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Stock Photo – Pixabay

Translating a website doesn’t mean the target audience is going to understand it or accept it. You have to change more than just the meaning of the words. This process is called localization.

Researching the culture

Most important is an in-depth understanding of the target culture. This involves heavy research into subjects you may not be as familiar with–even if the target culture is your own. Surveys and interviews are highly recommended to determine the general reaction of the public to your choice of wording, photographs, etc.

Changing media content

Speaking of photographs, even the media of a website must sometimes be changed to appeal to a different culture. The appearance of a landscape, the ethnicity of a person, the way an action is being performed–due to any of these details, an image may need to be switched out or altered.

For example, some cultures view the left hand as unclean. They do not eat with their left hand. Therefore, a photograph of a person touching food with their left hand would be highly offensive to such a person. A person in charge of localization would recognize this problem and replace the image with a more appropriate one.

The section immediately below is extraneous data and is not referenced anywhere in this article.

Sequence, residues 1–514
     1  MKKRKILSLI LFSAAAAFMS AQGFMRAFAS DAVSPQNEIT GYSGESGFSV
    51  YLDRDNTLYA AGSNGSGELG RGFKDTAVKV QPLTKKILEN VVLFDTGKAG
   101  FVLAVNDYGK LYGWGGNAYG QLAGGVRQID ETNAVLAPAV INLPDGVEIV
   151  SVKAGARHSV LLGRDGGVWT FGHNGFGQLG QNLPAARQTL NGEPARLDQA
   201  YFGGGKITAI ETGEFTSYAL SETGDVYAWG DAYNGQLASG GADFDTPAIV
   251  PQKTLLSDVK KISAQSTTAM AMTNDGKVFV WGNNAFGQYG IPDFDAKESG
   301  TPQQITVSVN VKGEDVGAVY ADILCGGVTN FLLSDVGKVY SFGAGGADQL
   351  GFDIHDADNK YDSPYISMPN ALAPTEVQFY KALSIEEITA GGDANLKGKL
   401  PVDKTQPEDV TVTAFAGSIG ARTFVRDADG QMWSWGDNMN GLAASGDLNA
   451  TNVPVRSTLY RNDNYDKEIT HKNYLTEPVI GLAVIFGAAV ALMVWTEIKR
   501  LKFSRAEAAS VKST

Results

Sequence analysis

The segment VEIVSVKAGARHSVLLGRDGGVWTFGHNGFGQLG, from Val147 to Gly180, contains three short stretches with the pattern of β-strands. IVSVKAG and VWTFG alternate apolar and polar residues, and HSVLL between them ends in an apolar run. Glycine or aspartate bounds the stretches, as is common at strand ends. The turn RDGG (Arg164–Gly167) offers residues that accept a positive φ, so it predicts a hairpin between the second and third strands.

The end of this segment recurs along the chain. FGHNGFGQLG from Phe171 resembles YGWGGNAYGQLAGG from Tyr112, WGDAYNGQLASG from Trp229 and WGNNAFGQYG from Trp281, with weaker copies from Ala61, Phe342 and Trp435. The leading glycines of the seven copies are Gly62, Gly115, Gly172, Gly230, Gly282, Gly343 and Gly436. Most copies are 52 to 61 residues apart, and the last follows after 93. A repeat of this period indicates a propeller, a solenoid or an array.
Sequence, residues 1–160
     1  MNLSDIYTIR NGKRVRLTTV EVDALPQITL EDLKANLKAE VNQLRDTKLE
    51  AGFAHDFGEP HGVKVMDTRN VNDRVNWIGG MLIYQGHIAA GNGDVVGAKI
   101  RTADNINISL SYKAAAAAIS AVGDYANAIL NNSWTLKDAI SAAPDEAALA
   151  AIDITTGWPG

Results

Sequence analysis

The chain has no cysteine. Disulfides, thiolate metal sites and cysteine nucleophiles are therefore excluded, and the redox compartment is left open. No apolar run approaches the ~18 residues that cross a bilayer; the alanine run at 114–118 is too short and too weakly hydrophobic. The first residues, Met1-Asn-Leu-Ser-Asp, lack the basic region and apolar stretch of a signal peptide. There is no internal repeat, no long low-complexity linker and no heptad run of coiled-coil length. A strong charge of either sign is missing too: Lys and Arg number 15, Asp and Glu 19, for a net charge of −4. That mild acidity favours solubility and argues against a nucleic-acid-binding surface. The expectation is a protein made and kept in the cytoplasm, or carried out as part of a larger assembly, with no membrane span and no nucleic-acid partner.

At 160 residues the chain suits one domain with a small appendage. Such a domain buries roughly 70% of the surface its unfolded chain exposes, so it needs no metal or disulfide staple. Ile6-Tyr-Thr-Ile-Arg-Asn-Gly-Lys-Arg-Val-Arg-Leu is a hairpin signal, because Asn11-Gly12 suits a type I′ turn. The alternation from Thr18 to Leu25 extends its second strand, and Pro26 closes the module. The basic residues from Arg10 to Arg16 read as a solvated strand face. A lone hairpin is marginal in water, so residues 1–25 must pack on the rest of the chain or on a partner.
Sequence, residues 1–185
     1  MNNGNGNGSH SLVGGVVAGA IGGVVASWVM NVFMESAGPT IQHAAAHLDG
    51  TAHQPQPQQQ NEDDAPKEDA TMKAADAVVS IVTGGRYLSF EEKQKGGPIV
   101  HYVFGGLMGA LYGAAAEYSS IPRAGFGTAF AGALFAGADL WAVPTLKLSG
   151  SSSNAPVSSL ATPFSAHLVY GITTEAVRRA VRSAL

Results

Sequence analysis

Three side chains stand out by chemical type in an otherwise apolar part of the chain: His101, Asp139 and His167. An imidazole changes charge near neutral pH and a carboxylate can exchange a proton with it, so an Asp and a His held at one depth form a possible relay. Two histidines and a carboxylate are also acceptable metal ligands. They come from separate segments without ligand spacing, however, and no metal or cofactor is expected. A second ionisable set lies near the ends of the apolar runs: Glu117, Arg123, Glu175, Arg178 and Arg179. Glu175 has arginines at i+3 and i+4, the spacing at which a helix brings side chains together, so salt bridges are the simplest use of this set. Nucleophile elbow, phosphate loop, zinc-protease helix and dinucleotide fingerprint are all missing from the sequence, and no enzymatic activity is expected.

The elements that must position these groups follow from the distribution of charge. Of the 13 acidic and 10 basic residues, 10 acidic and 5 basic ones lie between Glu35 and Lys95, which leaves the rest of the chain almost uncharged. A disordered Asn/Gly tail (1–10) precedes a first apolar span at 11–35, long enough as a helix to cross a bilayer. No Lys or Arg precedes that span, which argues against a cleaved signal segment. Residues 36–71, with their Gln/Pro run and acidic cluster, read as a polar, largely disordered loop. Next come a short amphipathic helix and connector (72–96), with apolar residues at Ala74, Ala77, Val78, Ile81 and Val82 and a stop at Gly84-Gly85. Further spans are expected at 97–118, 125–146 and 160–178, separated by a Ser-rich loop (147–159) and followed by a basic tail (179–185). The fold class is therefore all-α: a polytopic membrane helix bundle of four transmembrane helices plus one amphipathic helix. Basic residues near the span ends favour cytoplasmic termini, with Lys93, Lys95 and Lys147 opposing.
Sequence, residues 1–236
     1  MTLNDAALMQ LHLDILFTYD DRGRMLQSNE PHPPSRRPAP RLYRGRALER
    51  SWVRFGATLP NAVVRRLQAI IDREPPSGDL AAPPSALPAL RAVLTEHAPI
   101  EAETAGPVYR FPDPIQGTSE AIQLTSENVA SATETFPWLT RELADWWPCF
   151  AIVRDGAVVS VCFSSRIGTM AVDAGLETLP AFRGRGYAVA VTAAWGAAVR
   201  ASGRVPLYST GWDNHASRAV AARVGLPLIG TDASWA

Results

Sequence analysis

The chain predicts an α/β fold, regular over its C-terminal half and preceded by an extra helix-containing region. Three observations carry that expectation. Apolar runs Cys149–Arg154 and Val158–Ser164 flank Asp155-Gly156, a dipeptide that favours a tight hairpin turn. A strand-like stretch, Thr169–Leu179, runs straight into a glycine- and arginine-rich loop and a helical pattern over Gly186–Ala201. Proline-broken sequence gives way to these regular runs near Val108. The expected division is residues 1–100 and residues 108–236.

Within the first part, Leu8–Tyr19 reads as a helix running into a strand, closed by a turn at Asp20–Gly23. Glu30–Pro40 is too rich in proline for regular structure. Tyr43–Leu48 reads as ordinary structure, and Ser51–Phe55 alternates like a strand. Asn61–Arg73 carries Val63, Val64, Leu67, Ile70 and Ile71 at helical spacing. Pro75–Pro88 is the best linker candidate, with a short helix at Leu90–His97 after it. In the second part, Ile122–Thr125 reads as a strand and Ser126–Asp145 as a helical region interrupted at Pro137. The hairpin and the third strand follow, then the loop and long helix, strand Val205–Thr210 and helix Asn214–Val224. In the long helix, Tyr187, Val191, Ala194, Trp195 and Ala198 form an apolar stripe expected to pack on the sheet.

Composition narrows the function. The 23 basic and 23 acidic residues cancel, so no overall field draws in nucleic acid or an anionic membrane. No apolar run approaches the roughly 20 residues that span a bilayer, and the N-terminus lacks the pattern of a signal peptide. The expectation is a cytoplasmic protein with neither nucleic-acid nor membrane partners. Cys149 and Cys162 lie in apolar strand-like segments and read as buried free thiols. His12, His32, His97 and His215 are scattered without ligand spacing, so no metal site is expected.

Proofreading written content

Localization often is done in teams. Why? At least one person translates the original text into the target language, and at least one of their partners will assist in proofreading and inputting the new content into the website.

Proofreading is vital–even a correctly translated document must be looked over by someone who understands the target culture. Different wording may need to be used. Another style of writing may be more appropriate. And, of course, spelling and grammar must be scrutinized.

Changing the design

Color schemes or web page layout may also need to be changed, depending on the cultures, circumstances, or languages involved.

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